For about half of the region’s elementary and high schools, it could mean starting up to 20 minutes earlier. Most of the area’s 16 secondary schools could start between 8 and 8:10 a.m. next fall. Read article
By Liz Monteiro
In The Record, October 7, 2013
Pinto Wray James LLP of Toronto has penned a legal opinion letter in response to parents’ concern that the WRDSB Board of Trustees did not follow proper legal procedure in June of 2012.
Apparently one parent made the initial complaint to Chair Fife and the other trustees on June 15, 2012. After an unsatisfactory response from both the Board of Trustees and the Director of Education, the parents felt they had no other recourse but to seek a legal opinion on the matter.
It turns out the Board of Trustees, including Chair Fife, held votes in-camera on June 4, 2012 which, according to the letter, should have been held in public:
It is our legal opinion that the Waterloo Region District School Board did violate the Education Act if and when it held a closed meeting during which it voted on a resolution to determine whether Trustee ******** breached the board’s code of conduct.
It is our understanding that this issue currently resides with the Ministry of Education and parents are continuing to seek full transparency and accountability by the Board in this matter.
Download and read the opinion letter.
The Waterloo Region District School Board faces a $3.5-million budget shortfall after the provincial government announced its budget last month.
Catherine Fife, chair of the board of trustees, said most of the impact would fall on technology and transportation budgets. Read Article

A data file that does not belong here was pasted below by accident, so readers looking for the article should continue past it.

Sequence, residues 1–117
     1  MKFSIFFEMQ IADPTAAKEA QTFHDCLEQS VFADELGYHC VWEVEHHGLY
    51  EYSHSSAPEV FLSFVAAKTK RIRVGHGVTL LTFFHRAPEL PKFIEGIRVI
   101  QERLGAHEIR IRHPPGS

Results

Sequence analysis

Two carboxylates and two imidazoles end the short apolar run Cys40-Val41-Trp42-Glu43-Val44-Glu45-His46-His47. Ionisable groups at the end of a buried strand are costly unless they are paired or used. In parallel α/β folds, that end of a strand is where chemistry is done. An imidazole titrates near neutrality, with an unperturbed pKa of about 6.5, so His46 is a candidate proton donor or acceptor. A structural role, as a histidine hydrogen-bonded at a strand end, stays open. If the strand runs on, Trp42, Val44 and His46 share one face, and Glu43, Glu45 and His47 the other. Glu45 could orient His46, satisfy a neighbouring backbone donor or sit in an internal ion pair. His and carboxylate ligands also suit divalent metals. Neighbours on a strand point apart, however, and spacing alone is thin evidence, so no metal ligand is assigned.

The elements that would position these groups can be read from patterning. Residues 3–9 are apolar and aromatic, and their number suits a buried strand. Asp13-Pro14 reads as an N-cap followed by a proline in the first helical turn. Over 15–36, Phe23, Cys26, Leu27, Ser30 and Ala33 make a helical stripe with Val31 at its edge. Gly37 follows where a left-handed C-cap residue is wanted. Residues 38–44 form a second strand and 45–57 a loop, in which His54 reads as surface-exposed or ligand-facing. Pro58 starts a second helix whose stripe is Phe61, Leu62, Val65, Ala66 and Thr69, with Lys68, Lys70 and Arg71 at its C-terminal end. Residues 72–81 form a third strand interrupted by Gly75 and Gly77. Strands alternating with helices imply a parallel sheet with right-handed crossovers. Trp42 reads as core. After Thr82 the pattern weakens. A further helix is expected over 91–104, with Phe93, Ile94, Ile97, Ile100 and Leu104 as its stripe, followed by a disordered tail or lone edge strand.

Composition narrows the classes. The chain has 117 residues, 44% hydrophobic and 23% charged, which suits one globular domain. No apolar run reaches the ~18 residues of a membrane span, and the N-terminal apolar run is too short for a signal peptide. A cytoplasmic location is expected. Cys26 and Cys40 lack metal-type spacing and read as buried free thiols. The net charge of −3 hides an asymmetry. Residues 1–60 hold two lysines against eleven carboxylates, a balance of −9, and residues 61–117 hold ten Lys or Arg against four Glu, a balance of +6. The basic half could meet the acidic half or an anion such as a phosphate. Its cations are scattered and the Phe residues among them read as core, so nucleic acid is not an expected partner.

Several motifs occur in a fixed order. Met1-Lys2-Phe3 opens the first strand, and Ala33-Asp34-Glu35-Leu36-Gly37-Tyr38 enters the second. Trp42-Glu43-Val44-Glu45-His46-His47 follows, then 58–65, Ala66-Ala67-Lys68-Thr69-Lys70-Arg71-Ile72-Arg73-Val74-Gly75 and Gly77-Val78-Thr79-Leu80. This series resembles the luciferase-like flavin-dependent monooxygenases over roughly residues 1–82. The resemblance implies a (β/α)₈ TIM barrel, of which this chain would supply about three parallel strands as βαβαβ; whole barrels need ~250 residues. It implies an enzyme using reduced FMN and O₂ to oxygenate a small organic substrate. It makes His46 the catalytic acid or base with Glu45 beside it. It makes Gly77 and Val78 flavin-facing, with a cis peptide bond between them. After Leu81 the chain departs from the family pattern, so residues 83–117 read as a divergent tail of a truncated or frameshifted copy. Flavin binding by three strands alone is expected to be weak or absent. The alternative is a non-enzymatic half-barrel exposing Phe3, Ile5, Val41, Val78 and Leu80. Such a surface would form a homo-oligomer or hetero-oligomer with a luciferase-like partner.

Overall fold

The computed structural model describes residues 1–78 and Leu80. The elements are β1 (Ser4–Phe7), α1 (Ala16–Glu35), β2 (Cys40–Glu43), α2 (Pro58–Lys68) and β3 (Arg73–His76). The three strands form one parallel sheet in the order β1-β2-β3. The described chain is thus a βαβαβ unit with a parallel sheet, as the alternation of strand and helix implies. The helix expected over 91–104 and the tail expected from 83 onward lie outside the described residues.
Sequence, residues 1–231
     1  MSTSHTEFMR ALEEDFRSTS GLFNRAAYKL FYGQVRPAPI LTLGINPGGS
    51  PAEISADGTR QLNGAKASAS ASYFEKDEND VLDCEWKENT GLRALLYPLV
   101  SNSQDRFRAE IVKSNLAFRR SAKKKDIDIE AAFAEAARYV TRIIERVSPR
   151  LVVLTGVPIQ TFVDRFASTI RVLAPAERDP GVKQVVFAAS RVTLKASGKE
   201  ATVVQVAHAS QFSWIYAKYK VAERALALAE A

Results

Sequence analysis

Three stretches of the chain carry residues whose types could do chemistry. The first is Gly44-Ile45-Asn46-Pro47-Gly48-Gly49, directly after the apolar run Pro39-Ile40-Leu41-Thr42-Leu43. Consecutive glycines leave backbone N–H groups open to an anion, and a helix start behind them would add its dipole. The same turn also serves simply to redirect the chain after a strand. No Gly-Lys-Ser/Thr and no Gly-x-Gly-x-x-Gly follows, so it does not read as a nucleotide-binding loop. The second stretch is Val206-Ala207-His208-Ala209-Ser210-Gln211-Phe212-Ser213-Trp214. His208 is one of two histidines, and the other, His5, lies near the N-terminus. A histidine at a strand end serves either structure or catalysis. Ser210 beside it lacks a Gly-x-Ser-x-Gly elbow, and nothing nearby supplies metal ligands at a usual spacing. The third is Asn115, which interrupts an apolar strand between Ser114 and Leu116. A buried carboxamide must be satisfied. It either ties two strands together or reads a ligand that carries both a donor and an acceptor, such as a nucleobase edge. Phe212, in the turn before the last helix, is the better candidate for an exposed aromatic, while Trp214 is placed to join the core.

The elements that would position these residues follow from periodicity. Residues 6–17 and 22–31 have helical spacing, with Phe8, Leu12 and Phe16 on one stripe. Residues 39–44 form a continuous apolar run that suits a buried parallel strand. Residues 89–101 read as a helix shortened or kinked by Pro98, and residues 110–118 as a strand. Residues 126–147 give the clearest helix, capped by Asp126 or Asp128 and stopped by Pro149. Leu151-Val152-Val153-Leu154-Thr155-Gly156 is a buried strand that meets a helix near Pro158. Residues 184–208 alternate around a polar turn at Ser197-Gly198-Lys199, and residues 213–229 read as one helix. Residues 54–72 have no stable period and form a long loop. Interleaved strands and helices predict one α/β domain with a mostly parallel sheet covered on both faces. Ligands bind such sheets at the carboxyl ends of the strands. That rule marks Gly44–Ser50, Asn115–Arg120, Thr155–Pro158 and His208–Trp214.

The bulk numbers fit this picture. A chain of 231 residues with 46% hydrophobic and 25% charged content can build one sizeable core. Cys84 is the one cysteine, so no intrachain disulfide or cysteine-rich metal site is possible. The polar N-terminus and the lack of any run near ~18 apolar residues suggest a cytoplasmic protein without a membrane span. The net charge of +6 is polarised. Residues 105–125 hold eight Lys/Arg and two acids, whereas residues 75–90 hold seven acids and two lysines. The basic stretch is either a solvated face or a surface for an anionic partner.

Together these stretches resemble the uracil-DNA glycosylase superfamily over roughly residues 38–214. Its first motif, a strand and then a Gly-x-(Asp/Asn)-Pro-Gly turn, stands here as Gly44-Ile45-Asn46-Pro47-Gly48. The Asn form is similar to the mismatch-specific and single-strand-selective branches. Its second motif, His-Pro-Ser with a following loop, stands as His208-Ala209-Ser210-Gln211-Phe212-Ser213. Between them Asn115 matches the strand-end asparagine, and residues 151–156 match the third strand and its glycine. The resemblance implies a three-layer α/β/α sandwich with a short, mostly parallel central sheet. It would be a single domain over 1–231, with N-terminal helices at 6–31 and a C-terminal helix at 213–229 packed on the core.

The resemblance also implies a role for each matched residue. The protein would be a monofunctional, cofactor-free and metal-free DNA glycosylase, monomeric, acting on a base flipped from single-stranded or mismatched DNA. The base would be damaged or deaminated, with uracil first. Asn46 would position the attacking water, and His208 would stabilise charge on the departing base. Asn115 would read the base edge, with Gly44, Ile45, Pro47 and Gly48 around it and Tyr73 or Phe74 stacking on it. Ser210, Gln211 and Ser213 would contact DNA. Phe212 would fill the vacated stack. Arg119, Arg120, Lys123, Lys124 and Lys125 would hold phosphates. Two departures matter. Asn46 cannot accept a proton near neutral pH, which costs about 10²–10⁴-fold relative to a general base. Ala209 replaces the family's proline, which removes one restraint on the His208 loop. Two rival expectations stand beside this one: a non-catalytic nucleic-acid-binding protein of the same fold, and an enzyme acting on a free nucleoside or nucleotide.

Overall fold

By Paige Desmond
In The Cambridge Times, April 19, 2012
I would like to share my opinions as well as constituents concerns about “recommendations for changes to procedures” for delegations from the Waterloo Region District School Board policy bylaw committee. Read article
By Cindy Watson
In the Cambridge Times, April 19, 2012
The following is a delegation that Ashley Ross brought to the Board on Monday, April 16, 2012. Take a few minutes to read her well-crafted thoughts on the matter of the delegation process. As always, with Ashley her point of view is always ‘spot on’.
The Waterloo Region District School Board is also struggling to find new ways to maximize its school spaces in southeast Galt, address outdated buildings, as well as reorganize JK-Grade 5 and JK-Grade 6 schools in favour of JK-Grade 8 schools.
Schools involved in the review include Blair Road, Dickson, Highland, St. Andrew’s and Tait Street schools. Read Article
By Lisa Rutledge
Cambridge Times, April 19, 2012
In September 2011, I brought forward a request for the policy and bylaw committee to review the delegation procedures of the Waterloo Region District School Board. At that time, the request did not raise any concerns at the board table. Last month, the committee finally did discuss the current procedures and the resulting minutes of the meeting, which did not include any recommendations to change the procedures, were presented to the board of trustees. Read article
By Ted Martin
In The Record, April 17, 2012
The recent uproar over the board of education to modify the procedural bylaw, to make it more difficult for parents and members of the public to participate and make presentations to the board, is not surprising to me.
As a former trustee from 1990 to 1996, I experienced firsthand the utter disregard for democratic principles of open and accountable government, from not seconding motions presented to the board by sitting members, illegally held closed meetings and sanctions imposed by the board on those who defied the majority. Read Article
By Uwe Kretschmann (former Trustee)
In the Cambridge Times, April 12, 2012
Trustees at the Waterloo Region District School Board are now hatching plans to make it much more difficult for parents to speak their minds at board meetings. Presumably this will cut down on bothersome outbreaks of public opinion. And ensure embarrassing policy reversals such as the extended day debate never occur again. Read article
By Peter Shawn Taylor
in The Record, April 7, 2012